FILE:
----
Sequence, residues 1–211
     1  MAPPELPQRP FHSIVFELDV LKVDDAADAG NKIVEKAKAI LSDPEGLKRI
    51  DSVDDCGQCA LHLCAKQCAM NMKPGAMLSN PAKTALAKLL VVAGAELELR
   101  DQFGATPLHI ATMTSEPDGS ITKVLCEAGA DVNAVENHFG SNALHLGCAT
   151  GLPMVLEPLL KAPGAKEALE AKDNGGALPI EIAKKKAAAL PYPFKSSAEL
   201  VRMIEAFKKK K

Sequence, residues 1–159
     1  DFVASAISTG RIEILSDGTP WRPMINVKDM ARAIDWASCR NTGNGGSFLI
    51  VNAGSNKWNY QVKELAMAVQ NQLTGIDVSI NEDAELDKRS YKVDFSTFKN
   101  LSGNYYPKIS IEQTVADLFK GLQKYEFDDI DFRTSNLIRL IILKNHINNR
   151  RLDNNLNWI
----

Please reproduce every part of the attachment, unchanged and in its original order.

Sequence, residues 1–211
     1  MAPPELPQRP FHSIVFELDV LKVDDAADAG NKIVEKAKAI LSDPEGLKRI
    51  DSVDDCGQCA LHLCAKQCAM NMKPGAMLSN PAKTALAKLL VVAGAELELR
   101  DQFGATPLHI ATMTSEPDGS ITKVLCEAGA DVNAVENHFG SNALHLGCAT
   151  GLPMVLEPLL KAPGAKEALE AKDNGGALPI EIAKKKAAAL PYPFKSSAEL
   201  VRMIEAFKKK K

Sequence, residues 1–159
     1  DFVASAISTG RIEILSDGTP WRPMINVKDM ARAIDWASCR NTGNGGSFLI
    51  VNAGSNKWNY QVKELAMAVQ NQLTGIDVSI NEDAELDKRS YKVDFSTFKN
   101  LSGNYYPKIS IEQTVADLFK GLQKYEFDDI DFRTSNLIRL IILKNHINNR
   151  RLDNNLNWI